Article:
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Indiana judges to present at pro bono event

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Indiana Supreme Court Justice Frank Sullivan, appellate Judge Nancy Vaidik and lawyers and judges from Pro Bono District One will be among the presenters at a daylong event July 22 at Valparaiso University School of Law. The event, “A Potpourri of Timely Topics,” is co-sponsored by the law school and NWI Volunteer Lawyers.

Topics on the agenda include prosecution of domestic battery, judicial perspectives on handling pro se parties, and updates on workers’ compensation and family law. Michael Witte, chair of the Disciplinary Commission, will speak about ethics.

Justice Sullivan will present “Apprendi to Present – The Development of Criminal Law Sentencing in the last 20 Years,” during a working lunch, which is included in the cost of admission. Judge Vaidik will present “Courtroom: Evidentiary Foundations for Newfangled Communications: emails, tweets, text messages, etc.”

Other presenters scheduled to speak so far include Judges William Boklund, David Chidester, Elizabeth Tavitas and Julia Jent; attorneys Jim Sarkisian, Rich Wolter, Adam Tavitas, and Deb Dubovich; Kerry Hyatt Blomquist, executive director of the Indiana Coalition Against Domestic Violence; and Ivan Bodensteiner, professor at Valparaiso University School of Law.

Judy Stanton, executive director of NWI Volunteer Lawyers, said she is still seeking law firms who are interested in underwriting the event, which is a fundraiser for Pro Bono District One. Current sponsors are Hoeppner Wagner & Evans, Rhame & Elwood, and Kenneth Allen & Associates.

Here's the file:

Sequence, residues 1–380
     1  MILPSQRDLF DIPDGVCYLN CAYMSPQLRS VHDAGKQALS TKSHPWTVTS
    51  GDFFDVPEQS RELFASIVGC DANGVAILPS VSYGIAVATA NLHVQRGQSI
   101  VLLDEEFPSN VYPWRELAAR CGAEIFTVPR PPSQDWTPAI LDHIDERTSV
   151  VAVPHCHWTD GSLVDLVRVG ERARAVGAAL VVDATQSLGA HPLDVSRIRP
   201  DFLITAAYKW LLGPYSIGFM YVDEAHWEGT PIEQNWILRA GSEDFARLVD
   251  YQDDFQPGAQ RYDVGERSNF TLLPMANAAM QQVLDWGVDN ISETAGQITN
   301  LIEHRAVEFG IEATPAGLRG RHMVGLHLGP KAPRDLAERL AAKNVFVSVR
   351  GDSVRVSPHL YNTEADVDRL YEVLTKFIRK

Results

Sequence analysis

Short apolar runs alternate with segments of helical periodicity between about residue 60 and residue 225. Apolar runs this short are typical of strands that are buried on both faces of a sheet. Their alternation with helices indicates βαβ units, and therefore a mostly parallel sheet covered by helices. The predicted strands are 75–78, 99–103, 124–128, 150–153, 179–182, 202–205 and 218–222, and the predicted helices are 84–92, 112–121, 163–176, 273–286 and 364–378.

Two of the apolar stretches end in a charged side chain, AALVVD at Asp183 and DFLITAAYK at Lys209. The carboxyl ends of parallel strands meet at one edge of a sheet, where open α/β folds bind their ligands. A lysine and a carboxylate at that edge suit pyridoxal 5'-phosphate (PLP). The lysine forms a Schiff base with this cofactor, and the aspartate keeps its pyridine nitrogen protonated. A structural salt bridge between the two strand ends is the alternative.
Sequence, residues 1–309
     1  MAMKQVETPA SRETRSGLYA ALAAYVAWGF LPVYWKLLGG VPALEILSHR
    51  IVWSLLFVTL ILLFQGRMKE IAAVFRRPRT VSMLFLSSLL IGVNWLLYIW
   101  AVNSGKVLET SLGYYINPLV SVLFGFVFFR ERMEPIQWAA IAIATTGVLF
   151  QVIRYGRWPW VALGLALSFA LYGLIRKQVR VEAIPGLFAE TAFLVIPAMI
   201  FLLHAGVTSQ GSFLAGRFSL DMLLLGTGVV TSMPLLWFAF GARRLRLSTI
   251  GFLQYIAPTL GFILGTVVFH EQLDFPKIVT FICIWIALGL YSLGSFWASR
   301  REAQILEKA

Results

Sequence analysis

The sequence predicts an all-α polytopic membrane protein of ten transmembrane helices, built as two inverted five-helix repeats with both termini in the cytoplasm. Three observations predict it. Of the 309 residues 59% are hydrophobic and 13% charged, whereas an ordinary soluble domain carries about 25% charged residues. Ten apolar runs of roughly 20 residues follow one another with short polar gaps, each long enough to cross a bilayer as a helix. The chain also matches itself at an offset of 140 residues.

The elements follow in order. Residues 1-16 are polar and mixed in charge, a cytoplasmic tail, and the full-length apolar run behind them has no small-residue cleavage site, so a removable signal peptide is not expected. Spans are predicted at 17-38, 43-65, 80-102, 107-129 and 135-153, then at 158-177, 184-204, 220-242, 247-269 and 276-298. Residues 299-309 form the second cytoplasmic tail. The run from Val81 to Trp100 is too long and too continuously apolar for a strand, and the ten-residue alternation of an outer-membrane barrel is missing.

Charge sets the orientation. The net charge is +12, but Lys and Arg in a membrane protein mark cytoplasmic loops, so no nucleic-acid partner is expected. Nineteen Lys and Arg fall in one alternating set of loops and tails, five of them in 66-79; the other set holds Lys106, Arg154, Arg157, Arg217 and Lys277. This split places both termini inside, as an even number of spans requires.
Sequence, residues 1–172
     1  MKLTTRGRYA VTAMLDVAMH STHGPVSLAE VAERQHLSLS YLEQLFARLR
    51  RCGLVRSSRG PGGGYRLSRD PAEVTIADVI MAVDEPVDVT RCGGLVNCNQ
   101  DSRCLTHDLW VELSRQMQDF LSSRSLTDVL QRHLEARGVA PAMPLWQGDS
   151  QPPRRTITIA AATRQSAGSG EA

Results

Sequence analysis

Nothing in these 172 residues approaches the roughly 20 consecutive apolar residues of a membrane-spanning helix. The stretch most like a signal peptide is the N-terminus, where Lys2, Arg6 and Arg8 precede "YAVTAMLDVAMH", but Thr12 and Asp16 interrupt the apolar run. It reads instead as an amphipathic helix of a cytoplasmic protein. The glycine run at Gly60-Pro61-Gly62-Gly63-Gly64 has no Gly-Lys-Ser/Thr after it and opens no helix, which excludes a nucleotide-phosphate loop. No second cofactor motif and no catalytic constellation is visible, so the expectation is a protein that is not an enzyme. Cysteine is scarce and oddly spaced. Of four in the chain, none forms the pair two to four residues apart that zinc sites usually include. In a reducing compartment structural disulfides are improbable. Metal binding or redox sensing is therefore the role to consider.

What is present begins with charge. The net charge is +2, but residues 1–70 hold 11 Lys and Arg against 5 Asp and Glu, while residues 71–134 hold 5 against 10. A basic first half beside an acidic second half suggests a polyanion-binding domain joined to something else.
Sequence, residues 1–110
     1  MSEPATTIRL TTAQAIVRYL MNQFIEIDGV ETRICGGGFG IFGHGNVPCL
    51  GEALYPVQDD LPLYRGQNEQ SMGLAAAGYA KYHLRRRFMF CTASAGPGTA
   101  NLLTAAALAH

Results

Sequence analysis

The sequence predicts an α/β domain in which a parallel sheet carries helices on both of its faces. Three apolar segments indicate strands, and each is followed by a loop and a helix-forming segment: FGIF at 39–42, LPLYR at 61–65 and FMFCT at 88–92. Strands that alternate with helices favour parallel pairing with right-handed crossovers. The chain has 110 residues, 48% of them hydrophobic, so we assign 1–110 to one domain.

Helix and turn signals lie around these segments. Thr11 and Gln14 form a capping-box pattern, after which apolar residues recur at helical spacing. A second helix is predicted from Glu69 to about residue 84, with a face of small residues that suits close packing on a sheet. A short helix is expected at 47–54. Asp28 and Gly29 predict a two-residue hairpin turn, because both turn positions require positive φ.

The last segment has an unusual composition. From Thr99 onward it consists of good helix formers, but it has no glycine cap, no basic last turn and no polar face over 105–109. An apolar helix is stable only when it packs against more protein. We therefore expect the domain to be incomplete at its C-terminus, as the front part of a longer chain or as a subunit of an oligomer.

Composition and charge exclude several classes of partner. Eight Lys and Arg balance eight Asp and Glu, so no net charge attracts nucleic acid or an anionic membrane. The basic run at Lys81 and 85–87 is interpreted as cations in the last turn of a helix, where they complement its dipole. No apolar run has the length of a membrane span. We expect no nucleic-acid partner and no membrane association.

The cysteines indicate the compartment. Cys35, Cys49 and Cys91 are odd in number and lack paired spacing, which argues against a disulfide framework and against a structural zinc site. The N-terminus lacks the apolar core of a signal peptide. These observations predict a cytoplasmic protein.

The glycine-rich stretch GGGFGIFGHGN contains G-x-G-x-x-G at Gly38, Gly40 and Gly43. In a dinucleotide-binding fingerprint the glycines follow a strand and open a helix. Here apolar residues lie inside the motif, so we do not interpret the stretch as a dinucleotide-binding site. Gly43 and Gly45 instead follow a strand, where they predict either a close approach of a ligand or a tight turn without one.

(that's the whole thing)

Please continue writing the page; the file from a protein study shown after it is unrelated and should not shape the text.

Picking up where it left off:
Registration is $200, but Stanton said anyone who registers by July 8 and mentions Indiana Lawyer will receive a discounted registration of $175. The event is approved for up to five hours of CLE/2.5 hours of ethics. For registration information, contact Judy Stanton at probono@hotbartlaw.net or 219-942-3404.•

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  1. Why in the world would someone need a person to correct a transcript when a realtime court reporter could provide them with a transcript (rough draft) immediately?

  2. If the end result is to simply record the spoke word, then perhaps some day digital recording may eventually be the status quo. However, it is a shallow view to believe the professional court reporter's function is to simply report the spoken word and nothing else. There are many aspects to being a professional court reporter, and many aspects involved in producing a professional and accurate transcript. A properly trained professional steno court reporter has achieved a skill set in a field where the average dropout rate in court reporting schools across the nation is 80% due to the difficulty of mastering the necessary skills. To name just a few "extras" that a court reporter with proper training brings into a courtroom or a deposition suite; an understanding of legal procedure, technology specific to the legal profession, and an understanding of what is being said by the attorneys and litigants (which makes a huge difference in the quality of the transcript). As to contracting, or anti-contracting the argument is simple. The court reporter as governed by our ethical standards is to be the independent, unbiased individual in a deposition or courtroom setting. When one has entered into a contract with any party, insurance carrier, etc., then that reporter is no longer unbiased. I have been a court reporter for over 30 years and I echo Mr. Richardson's remarks that I too am here to serve.

  3. A competitive bid process is ethical and appropriate especially when dealing with government agencies and large corporations, but an ethical line is crossed when court reporters in Pittsburgh start charging exorbitant fees on opposing counsel. This fee shifting isn't just financially biased, it undermines the entire justice system, giving advantages to those that can afford litigation the most. It makes no sense.

  4. "a ttention to detail is an asset for all lawyers." Well played, Indiana Lawyer. Well played.

  5. I have a appeals hearing for the renewal of my LPN licenses and I need an attorney, the ones I have spoke to so far want the money up front and I cant afford that. I was wondering if you could help me find one that takes payments or even a pro bono one. I live in Indiana just north of Indianapolis.

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